5. The principles so laid down, although with reference to particular cases, is perfectly clear and is completely in accord with that laid down in the circular of 1943 and repeated in the circular, Ext. R-3, of 1947. Persons who had gone out of the Secretariat to other departments at their own request in order to improve their prospects would have to remain in those departments and could not look to the Secretariat for preferment. They would have to be content with promotions in their new departments in which they would be absorbed permanently as a matter of course. But, persons who had gone out to temporary departments in which, of course, they could not be permanently absorbed, and persons sent out, not at their own request but in the exigencies of public service, were to be regardedas still belonging to the Secretariat and were to be given promotions and other service benefits accordingly. This, it seems to us, although we are not called upon to pronounce on it, was fair, and sound in principle, although we appreciate that it is open to the criticism that it was conceived by those who had stayed behind in the Secretariat and wanted to safeguard their own prospects.
6. Ext. R-4 elated 31-7-1954 which effected the actual integration of the Secretariat services went one step further than Ext. P-1. Ext. P-1, it will be recalled, had said that persons who had gone out of the Secretariat would be allowed to retain their lien in the Secretariat until such time as they got confirmation in their new department although they would, on no account, be allowed to go back to the Secretariat on the strength of that lien. But Ext. R-4, in pursuance of the policy underlying both Ext. R-3 and Ext. P-l, suspended the lien of such persons in the Secretariat under the provisions of Article 71 of the Travancore Service Regulations and Article 28A of the Cochin Service Regulations -- since there was no prospect of these persons reverting to the Secretariat the suspension was in accordance with those rules. However, no question of suspension of lien arose so far as the petitioner was concerned since, by his confirmation as a Second Class Magistrate, be lost his lien in the Secretariat.
7. The integration of the Revenue services of the two States was also effected by an order of the 31st July 1954. In that order, the petitioner was shown as a permanent Second Class Magistrate, confirmed as on 9-9-1951 -- it would appear that there was no separate order of confirmation -- and naturally his name was not shown in Ext. R-4 in the Secretariat establishment.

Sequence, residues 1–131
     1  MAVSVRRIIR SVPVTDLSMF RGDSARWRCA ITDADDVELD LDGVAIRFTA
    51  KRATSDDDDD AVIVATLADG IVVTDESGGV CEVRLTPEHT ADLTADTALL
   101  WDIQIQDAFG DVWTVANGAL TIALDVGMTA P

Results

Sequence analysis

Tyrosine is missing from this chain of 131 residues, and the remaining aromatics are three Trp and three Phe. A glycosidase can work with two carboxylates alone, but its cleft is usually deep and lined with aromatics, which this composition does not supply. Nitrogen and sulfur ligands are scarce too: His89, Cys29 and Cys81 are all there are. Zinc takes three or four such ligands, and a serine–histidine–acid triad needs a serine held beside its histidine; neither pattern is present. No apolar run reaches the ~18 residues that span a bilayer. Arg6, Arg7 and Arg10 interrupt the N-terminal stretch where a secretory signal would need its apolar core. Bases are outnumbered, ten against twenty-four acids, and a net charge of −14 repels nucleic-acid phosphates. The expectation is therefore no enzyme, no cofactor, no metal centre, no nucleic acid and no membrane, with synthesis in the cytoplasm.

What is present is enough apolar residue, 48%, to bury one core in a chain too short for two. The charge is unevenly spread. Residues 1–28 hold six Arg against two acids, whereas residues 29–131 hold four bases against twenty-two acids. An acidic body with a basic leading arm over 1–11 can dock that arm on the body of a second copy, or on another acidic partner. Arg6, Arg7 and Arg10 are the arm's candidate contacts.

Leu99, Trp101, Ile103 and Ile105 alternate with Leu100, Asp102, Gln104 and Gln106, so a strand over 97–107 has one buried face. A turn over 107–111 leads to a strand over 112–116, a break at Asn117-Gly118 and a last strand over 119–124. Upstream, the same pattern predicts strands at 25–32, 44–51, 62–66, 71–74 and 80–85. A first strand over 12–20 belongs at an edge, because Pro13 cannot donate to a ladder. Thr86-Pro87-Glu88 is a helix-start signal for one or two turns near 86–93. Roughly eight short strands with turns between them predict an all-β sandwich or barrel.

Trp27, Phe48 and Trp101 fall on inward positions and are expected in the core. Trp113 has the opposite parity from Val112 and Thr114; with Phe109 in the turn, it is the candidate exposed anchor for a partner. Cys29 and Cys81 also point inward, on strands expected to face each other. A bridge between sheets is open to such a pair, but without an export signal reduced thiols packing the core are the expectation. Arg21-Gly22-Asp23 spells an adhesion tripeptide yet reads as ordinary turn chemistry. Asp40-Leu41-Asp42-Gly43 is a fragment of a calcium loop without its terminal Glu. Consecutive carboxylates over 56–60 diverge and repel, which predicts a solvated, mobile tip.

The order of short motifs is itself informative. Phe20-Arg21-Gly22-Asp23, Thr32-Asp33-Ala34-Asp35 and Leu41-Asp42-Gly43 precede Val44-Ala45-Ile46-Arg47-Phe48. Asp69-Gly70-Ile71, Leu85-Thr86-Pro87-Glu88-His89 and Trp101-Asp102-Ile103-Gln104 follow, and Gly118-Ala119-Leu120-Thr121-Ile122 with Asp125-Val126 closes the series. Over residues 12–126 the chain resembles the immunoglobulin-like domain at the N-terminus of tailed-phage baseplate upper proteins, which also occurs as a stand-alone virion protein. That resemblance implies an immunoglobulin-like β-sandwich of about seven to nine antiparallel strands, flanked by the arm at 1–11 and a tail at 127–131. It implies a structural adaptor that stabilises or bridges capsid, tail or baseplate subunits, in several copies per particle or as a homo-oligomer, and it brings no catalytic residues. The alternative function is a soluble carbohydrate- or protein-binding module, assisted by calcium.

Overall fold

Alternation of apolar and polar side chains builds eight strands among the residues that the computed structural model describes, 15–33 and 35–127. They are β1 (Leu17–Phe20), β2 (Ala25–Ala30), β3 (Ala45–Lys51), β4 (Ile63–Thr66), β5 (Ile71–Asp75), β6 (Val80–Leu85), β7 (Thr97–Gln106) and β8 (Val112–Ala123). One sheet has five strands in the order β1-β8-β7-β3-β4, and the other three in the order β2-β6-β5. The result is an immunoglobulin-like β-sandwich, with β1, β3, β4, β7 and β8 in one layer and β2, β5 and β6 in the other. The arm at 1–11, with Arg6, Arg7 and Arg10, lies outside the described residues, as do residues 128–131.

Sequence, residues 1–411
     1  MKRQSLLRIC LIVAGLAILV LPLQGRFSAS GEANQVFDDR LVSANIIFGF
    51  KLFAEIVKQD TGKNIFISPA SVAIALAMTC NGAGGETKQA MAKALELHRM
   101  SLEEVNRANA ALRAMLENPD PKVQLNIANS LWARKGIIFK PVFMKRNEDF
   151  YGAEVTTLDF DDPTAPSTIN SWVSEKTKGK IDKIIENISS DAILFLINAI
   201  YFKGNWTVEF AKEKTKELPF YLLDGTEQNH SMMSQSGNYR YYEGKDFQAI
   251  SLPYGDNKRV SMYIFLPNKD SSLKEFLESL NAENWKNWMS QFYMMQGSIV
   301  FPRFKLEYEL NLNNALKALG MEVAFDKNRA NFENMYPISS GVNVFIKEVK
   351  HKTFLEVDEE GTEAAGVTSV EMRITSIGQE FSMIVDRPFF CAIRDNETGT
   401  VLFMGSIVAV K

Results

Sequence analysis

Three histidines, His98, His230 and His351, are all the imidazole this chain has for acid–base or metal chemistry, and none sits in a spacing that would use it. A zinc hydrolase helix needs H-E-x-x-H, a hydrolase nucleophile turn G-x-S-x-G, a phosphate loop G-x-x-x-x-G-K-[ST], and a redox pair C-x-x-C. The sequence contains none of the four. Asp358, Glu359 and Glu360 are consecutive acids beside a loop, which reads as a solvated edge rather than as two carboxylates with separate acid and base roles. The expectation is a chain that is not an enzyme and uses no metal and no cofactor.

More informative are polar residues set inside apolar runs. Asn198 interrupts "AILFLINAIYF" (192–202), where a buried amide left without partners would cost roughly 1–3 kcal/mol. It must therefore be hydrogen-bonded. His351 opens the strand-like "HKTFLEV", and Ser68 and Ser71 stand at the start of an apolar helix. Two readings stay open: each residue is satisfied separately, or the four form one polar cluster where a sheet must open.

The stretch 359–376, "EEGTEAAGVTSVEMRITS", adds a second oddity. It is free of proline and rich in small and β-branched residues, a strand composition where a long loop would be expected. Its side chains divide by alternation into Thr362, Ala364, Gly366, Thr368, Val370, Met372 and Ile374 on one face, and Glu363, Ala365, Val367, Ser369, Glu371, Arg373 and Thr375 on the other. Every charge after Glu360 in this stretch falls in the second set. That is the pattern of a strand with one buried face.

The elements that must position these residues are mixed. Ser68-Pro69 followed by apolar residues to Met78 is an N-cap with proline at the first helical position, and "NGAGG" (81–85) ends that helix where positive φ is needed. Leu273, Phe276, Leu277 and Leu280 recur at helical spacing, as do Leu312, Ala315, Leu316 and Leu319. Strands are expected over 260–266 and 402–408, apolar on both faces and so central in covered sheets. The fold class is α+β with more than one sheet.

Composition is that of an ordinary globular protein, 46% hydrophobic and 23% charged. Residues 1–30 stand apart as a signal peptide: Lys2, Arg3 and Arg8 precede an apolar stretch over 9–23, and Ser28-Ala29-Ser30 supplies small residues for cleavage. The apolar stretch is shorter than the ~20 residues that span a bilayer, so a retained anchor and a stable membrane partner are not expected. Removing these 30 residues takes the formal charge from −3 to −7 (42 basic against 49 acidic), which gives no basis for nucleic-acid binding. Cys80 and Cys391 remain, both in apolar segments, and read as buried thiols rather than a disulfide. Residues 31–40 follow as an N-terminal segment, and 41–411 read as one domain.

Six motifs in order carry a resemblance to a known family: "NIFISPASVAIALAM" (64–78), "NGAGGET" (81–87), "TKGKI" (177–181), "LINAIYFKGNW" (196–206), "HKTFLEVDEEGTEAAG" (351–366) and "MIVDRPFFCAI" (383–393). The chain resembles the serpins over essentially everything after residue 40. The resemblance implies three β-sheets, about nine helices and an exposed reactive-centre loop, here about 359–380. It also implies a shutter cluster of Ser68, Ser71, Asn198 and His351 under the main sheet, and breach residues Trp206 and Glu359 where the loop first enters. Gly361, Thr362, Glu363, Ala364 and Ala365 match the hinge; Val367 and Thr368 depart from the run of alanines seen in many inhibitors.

8. The petitioner and many others similarly circumstanced felt that they would be better off in the Secretariat than in the Revenue Department Hence they appealed against their omission from the Secretariat list consequent on thfir confirmation in the Revenue Department and claimed the promotions they would have got had they remained in the Secretariat -- Ext. R-5 dated 7-8-1954 is the petitioner's appeal. All these appeals, were dismissed on 20-7-1955 in similar terms. Ext R-1, the order issued in the case of the petitioner, reads as follows; --
'One of the principles adopted for the purpose of integration of services of the Secretariat was that persons in the Secretariat who are on other duty in permanent departments will not be taken back to the Secretariat. The petitioner's prayer is against the above principle and so it is not admisible. The petition is recorded '
9. The petitioner was dissatisfied with this order, and he filed a writ application, O. P. No. 35 of 1955 complaining against Ext. P-l and Ext. R-1 on the ground thatthey infringed the service rules by whichhe was governed. He alleged that his confirmation in the lower post of Second Class Magistrate on the fixed pay of Rs. 150 when he had already been confirmed in the higher ''post of Secretariat clerk on Rs. 125-165 andwas entitled to a pay of Rs. 165 in that scalewas wrong. Among the many grounds onwhich this writ application was resisted bythe State Government was the ground thatthe petitioner had left the Secretariat forthe Revenue Department at his own requestin order to improve his own prospects andthat, in accordance with the principles laiddown in Exts. R-3 and P-l, he was not entitled to be regarded as a member of theSecretariat establishment or to claim promotion or other benefit therein. The writ application was dismissed on 16-10-1956. It washeld that there was no violation of any service rule and that the confirmation of thepetitioner as a Second Class Magistrate wasproper since his confirmation in what hecalled the higher post of clerk on Rs. 125- 165 was statedly only provisional. Further,that even if Ext. P-1 was opposed to anyservice rule, it was valid. Government beingentitled to frame principles of integrationcontrary to such rules. It was also pointedout that the Travancore Service Regulationshad no statutory basis.